Neymar, Brazil's latest soccer luminary, posted on his Facebook page that the protests had inspired him in the team's victory over Mexico last week. Rivaldo, a member of the 2002 World Cup--winning squad, tweeted this: "It's shameful to spend so much money for this World Cup and leave the hospitals and schools in such a precarious state.... We aren't in shape to host the World Cup, we don't need it; we need education and health." When Juninho, a member of the '06 Cup team, urged the members of the national team to turn their backs during the national anthem in solidarity with the people before the game against Mexico, he was hardly condemned. Others picked up on the idea and suggested that fans do the same.

Who saw this coming? Certainly few from the outside. Brazil's peaceable fans and creative play long ago made the Sele√ß√£o everybody's second-favorite national team; the populace's joyous "Brazilian soul," as Rousseff puts it, allowed for the stereotype of an endless carnival. The nation's slums are notorious, of course, but a recent upswing—40 million Brazilians climbed out of poverty in the last decade—made optimism about the future easy to assume. Those in the country, too, were caught unawares. "There's some fear or concern that government and political parties maybe benefited from the whole World Cup project," Rebelo said two days before the protests began. "And there's a pessimistic attitude from some in civil society. But the vast majority think that the World Cup and the Olympics are something that's very good for the country."

There's some fear that with its democracy barely a generation old, Brazilians still learning the ropes of dissent will recede back to their homes when the novelty wears off. But perhaps something deeper, more enduring, is being put into play here. The leadership of Brazil is only the latest to use sports to legitimize itself: China did so to great effect in 2008 and Vladimir Putin's Russia will try to replay that script this winter in Sochi. In an ever more splintered culture, nothing has proved to unify—or distract—a populace better.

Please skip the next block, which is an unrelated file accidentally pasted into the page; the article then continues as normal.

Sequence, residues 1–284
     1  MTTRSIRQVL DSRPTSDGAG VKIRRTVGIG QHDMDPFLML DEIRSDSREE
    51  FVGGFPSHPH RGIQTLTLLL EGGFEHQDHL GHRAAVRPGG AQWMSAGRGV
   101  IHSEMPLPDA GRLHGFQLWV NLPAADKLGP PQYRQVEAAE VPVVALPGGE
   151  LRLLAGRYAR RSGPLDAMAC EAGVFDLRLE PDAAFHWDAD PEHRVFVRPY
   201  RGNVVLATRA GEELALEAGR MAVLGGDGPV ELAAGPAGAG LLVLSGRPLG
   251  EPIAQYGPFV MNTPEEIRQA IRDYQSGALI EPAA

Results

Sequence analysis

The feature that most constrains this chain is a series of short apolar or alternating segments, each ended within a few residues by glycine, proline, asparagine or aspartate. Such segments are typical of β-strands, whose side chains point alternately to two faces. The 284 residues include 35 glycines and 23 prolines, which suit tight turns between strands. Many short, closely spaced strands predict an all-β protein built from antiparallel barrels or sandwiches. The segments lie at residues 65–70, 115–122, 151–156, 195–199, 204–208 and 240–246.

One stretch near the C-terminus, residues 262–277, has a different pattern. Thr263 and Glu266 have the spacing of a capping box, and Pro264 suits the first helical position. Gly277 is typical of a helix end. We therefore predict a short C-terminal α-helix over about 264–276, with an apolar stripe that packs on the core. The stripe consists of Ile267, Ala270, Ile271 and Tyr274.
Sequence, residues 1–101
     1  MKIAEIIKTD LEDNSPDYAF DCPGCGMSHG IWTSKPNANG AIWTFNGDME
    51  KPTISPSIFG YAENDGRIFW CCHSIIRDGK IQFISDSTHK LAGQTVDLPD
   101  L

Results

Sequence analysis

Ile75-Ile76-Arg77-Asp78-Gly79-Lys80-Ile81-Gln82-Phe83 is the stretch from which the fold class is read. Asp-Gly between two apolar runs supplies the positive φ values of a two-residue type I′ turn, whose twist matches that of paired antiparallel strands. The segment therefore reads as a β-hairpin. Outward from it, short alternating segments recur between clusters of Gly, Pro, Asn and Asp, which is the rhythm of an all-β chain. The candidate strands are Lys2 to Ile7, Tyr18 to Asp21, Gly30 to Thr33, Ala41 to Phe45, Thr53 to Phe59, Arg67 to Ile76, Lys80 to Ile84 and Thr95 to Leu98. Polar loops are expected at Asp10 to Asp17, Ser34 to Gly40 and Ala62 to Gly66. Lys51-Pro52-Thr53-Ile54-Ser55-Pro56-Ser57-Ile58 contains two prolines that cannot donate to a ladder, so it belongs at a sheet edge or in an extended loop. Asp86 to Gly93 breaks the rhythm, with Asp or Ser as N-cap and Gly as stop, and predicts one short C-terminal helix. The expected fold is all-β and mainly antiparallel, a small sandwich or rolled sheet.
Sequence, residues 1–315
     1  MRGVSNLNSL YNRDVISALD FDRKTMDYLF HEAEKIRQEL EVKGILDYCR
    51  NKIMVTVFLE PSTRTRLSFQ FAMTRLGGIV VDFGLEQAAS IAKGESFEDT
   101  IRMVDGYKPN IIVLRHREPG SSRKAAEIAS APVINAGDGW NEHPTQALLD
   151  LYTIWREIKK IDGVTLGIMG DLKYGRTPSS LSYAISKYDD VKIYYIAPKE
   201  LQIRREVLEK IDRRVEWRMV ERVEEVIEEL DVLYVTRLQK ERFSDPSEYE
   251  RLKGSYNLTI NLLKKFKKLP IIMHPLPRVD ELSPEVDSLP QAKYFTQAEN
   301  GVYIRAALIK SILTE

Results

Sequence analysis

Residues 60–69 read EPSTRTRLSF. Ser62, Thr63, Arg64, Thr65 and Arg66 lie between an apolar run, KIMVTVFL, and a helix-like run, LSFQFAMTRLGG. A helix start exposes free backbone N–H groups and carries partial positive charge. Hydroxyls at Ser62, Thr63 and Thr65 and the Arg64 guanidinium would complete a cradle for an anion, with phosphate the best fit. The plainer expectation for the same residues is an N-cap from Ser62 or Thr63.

Yet the fact that the protests actually had an effect—those transit-fare hikes in Rio and S√£o Paulo were quickly rescinded—reveals a vulnerability in the sports gambit that won't soon be forgotten. No mayor or president likes to be humiliated before the world. Just as big-time sports is increasingly being used as a platform for power, it is increasingly becoming a platform for protest. This spring alone, the Boston Marathon and the French Open men's final were used by the murderous and foolish, respectively, to make some kind of statement.

What will happen at Brazil's World Cup is impossible to predict, but last week provided a hint. There will be complaint. There may be violence. But, if what happened in Fortaleza before the Mexico game is any indication, there will also be love: Despite Juninho's urging, despite the fact that police and protestors had collided outside the stadium hours before, the national team didn't turn their backs on the national anthem. Neither did the fans.

No, once the "Hino Nacional Brasileiro" began, 60,000 people stood, many with hands on heart. Few Brazilians could recall witnessing such a moment; their anthem has rarely been the mass ritual it is in America. Yet when the band stopped midway, the spectators kept on going, bellowing the words in support of country and team and maybe even themselves. Days later people were still pulling up the footage and crying. It wasn't that same old song anymore. It sounded better, actually.

Rivaldo tweeted: "We don't need [the World Cup]. We need education and health."

PHOTOFELIPE DANA/AP (PROTESTER WITH FLAG) PHOTOLUCIANA WHITAKER/REUTERS (SIGN)UP IN ARMS A protester in Rio demanded that funds be spent on hospitals, not just World Cup and Olympic facilities, while those demonstrating in Fortaleza were met by police armed with rubber bullets. PHOTOKAI PFAFFENBACH/REUTERS (SOLDIERS)